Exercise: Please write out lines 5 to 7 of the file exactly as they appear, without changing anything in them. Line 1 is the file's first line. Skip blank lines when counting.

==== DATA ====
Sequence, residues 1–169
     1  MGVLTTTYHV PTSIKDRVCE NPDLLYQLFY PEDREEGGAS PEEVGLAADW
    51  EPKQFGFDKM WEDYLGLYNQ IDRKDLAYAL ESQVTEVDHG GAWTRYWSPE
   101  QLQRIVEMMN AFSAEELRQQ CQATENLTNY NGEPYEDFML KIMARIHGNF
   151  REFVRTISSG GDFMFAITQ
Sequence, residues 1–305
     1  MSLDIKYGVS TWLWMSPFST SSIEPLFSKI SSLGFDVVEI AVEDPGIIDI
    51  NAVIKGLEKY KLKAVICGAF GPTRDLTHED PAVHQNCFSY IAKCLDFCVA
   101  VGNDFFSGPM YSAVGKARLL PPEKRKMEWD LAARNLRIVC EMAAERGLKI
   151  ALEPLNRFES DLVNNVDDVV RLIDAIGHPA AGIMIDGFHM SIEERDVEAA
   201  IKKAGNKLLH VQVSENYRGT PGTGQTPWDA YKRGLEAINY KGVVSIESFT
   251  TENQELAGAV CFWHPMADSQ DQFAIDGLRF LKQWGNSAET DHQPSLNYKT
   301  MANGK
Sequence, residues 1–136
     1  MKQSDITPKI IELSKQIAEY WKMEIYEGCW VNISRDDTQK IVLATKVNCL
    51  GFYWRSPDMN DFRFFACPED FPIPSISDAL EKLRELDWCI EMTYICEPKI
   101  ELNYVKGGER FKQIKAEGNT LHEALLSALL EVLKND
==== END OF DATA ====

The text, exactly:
   151  REFVRTISSG GDFMFAITQ
Sequence, residues 1–305
     1  MSLDIKYGVS TWLWMSPFST SSIEPLFSKI SSLGFDVVEI AVEDPGIIDI